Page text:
In the course of one class discussion, he made a remark that has been etched in my mind ever since: "The most dangerous weapons that mankind has available to him are words."
The poignant comment, made by one who was among only a handful of black teachers employed by the Evansville-Vanderburgh School Corp. in the late 1960s and early 1970s, came to mind last week in the midst of the national flap over remarks made by broadcasting personality Don Imus about the Rutgers women's basketball team.
Imus' firing from MSNBC and CBS Radio networks and his subsequent apology meeting with the women from Rutgers has revealed again how this nation continues to struggle with racism and hate speech.
Sadly, while there have been some painful lessons learned as the result of this morality play on our national airwaves, there are a few issues which remain to be examined by the national commentators.
While being reminded of Lyles' remarks, I was also reminded of the outrageous behavior of a very few of the students in our classroom whose actions spoke to their lack of regard for an authority figure of a different race.
In some instances they were defiant, so much so, that they placed the teacher in an uncomfortable position with regard to maintaining class control.
With his controlled and even-tempered demeanor, he dealt with the situation as required, in some instances sending the offending party to the principal's office. I always came away from these altercations of defiance feeling we were all a bit diminished as the result of the words and actions of a very few.
While the Imus remarks were painful to these young women in the flower of their college careers, the discussion that is missing from the debate should not be about race, but about another, more vexing problem that of income inequality.
In the recently published book "The Trouble With Diversity How We Learned to Love Identity and Ignore Inequality," author Walter Benn Michaels, a professor at the University of Illinois-Chicago, focuses at length on how our major preoccupation with ethnic and racial diversity has diverted national attention from the even more serious issue of income inequality, in essence providing us with more color-blind institutions that turn a blind eye to this lingering social injustices.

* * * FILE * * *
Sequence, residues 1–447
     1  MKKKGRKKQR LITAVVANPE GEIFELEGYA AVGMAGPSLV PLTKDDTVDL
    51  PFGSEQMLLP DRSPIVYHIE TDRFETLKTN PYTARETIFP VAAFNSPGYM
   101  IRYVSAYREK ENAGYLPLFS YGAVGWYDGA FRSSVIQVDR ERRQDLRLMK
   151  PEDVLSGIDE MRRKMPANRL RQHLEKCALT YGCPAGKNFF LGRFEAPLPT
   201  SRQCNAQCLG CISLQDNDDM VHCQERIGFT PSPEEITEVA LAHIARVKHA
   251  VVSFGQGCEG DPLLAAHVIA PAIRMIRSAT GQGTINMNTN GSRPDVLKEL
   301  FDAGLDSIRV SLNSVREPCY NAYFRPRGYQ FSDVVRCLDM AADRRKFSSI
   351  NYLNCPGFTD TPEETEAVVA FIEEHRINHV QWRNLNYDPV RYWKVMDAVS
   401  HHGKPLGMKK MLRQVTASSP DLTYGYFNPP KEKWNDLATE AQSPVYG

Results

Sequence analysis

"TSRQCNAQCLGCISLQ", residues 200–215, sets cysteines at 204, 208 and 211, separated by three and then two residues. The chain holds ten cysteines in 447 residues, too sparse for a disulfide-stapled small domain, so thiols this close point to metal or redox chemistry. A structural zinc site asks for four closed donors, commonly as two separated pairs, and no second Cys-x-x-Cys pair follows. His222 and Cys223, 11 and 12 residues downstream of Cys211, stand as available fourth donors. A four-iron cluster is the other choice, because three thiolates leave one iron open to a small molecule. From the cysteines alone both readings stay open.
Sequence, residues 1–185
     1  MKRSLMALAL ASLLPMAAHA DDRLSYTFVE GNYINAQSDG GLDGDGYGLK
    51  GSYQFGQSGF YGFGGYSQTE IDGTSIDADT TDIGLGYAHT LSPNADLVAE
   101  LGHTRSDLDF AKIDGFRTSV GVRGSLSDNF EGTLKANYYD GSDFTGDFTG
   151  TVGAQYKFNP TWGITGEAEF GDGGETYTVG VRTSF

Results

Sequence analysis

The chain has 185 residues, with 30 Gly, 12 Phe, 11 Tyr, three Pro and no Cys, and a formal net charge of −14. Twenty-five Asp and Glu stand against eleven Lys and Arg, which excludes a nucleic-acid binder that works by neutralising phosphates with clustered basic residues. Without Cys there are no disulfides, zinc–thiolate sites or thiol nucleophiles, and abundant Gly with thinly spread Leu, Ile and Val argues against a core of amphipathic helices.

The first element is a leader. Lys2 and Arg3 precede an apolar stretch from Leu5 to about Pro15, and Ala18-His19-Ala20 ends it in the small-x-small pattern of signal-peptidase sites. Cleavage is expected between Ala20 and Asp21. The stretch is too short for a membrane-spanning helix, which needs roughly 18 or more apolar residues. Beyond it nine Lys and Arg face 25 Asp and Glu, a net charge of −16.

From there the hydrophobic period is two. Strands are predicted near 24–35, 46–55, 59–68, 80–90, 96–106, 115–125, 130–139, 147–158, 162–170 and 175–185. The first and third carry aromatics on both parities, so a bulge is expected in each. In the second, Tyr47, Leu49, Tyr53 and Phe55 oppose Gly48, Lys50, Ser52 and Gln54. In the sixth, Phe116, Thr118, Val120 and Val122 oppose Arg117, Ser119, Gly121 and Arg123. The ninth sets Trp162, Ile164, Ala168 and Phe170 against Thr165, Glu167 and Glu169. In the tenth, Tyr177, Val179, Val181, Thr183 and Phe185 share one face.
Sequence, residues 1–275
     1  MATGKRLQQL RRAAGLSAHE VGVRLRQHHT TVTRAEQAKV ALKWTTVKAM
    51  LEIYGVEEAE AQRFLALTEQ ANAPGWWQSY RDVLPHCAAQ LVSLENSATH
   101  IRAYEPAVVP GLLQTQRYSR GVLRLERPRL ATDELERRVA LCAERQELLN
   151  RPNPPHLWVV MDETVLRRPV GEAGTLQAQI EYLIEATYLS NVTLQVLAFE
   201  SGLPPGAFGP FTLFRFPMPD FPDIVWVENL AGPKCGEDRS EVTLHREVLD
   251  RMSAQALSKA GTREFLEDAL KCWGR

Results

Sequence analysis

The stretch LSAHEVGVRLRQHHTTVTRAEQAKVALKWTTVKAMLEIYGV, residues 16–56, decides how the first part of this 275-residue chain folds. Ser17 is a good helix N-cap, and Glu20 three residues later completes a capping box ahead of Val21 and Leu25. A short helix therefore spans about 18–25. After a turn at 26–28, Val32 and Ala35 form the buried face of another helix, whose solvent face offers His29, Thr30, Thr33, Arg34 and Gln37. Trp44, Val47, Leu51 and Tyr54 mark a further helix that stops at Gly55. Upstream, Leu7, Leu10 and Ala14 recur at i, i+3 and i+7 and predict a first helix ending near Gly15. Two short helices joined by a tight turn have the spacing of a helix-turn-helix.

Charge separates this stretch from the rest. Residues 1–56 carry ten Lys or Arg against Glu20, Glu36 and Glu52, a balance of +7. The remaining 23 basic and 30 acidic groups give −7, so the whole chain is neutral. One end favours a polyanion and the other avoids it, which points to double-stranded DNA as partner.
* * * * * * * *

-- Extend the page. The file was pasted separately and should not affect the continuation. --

At the time of his stellar career as an educator and historian, Lyles earned the respect and admiration of people of all races by working in the public school system at a time when comparable levels of career achievement were not available to blacks in the private sector in Southwestern Indiana.
Conversely, with Imus, here you have a multimillionaire, 67-year-old white professional broadcaster who flaunts his lavish lifestyle and limousine liberalism on the sleeves of the western shirts he wears with his cowboy hat. He demeaned the accomplishments of a team that is predominately black.
It is hard to imagine that even with the national exposure this tawdry episode has provided the team, that any of its members will ever be able to achieve the level of economic success, celebrity and prominence of a nationally syndicated radio personality.
Imus will no doubt survive and emerge from the ashes of this controversy a renewed potent force in the broadcasting industry.
Meanwhile, the nation will remain tangled up in the issues of race, celebrity, income inequality and the dangerous nature of words Lyles warned us about so very long ago.
David Coker is an Evansville free-lance writer